This article originally appeared in the Financial Post.
By Nigel Rawson and John Adams, November 7, 2023
Last month the federal NDP convention in Hamilton voted unanimously to force the Liberals to introduce a single-payer universal pharmacare program or see the current “confidence-and-supply” deal canceled. Will universal government-run pharmacare benefit Canadians with rare disorders? We fear not.
Canadians with such disorders are already disadvantaged compared with sufferers in other countries. Fewer specialized drugs are launched in Canada than in the United States and Europe. Those that are get approval for marketing about a year, on average, after they do there.
That’s not because Health Canada takes longer to review new medicines. The process takes about the same time in the three places. Rather, delayed approval is likely due to manufacturers submitting later to Health Canada because federal, provincial and territorial hostility towards the industry has made our biopharmaceutical market less attractive.
Approval doesn’t mean government drug plans will pay for a drug, however. Further government-created barriers impact all Canadians, but particularly those with rare disorders who want access to novel drugs for their unmet or poorly met health needs. As a consequence, what gets listed in government drug plans varies widely, leading to a postal code lottery.
In a set of articles published over the summer by the Macdonald-Laurier Institute, we discuss the several obstacles patients and their families face as they try to gain access to new or expensive innovative therapies. They include: the lack of federal incentives for developers to submit new medicines to Health Canada; health technology assessment that is neither accountable, independent nor transparent and makes recommendations about which drugs to cover in public drug plans to governments; and price negotiations between government drug plans and manufacturers.
Even when drug developers clear these government-created barriers, public drug plans are under no obligation to add the approved medicines to their benefit lists. Too often governments focus only on drug costs and ignore the broader benefits effective drugs can bring, not only to the health and well-being of patients and their families, but also to other parts of the health system, to the economy and to society at large. If a new drug reduces doctor or emergency visits or hospitalizations or helps a person get back to work, those benefits typically are ignored by our drug assessment system.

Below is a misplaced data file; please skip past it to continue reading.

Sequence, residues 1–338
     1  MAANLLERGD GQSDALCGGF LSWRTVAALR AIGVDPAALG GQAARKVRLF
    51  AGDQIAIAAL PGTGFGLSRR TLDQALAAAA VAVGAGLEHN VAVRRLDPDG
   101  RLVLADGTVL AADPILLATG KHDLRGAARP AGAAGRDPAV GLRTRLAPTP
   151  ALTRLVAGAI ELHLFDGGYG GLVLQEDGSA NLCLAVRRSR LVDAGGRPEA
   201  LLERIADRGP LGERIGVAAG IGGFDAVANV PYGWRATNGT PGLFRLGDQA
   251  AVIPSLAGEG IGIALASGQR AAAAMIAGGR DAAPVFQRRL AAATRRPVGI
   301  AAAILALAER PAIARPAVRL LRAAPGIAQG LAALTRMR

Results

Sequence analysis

The federal government made matters worse over the past six years by planning to drastically reduce drug prices by regulatory order, not negotiation. This caused considerable uncertainty among developers, resulting in even fewer new drugs being submitted for marketing approval here than in the U.S. and EU.
Proponents plainly want a lowest-common-denominator government-run public plan that would crowd out private plans, which over two-thirds of Canadians currently rely on for drug access.
Despite the federal government committing $1.5 billion over three years to “increase access to, and affordability of, effective drugs for rare diseases to improve the health of patients across Canada,” its initiative is not comprehensive. So far, Canada has neither a government-endorsed national rare disorder strategy nor an Orphan Drug Act providing incentives to developers to launch orphan medicines in Canada. Most other developed countries have both.
Patients’ organizations have stepped in where governments have failed to act and proposed a Canadian strategy that would include incentives and funding to encourage developers to launch drugs in this country and cut through the barriers we have described to provide timely access to the many innovative treatments on the research horizon. For example, access to breakthrough drugs could be allowed as soon as Health Canada says they are safe and effective, even as other administrative boxes are checked and prices negotiated. Other countries use this approach.
Canadians afflicted with any of the 11,000 or so known rare disorders have significant unmet needs. Fewer than five per cent have any treatment beyond symptom relief or palliative care. The last thing these people need is for governments to ration innovative drugs even more than they already do or to force even deeper price cuts from drug developers in order to pay for universal pharmacare that covers only basic medicines.
Canadians with rare disorders almost certainly will be even worse off if the NDP’s parliamentary blackmail works.
Nigel Rawson is an affiliate scholar with the Canadian Health Policy Institute and a senior fellow with the Macdonald-Laurier Institute, as is John Adams, co-founder and CEO of Canadian PKU and Allied Disorders Inc.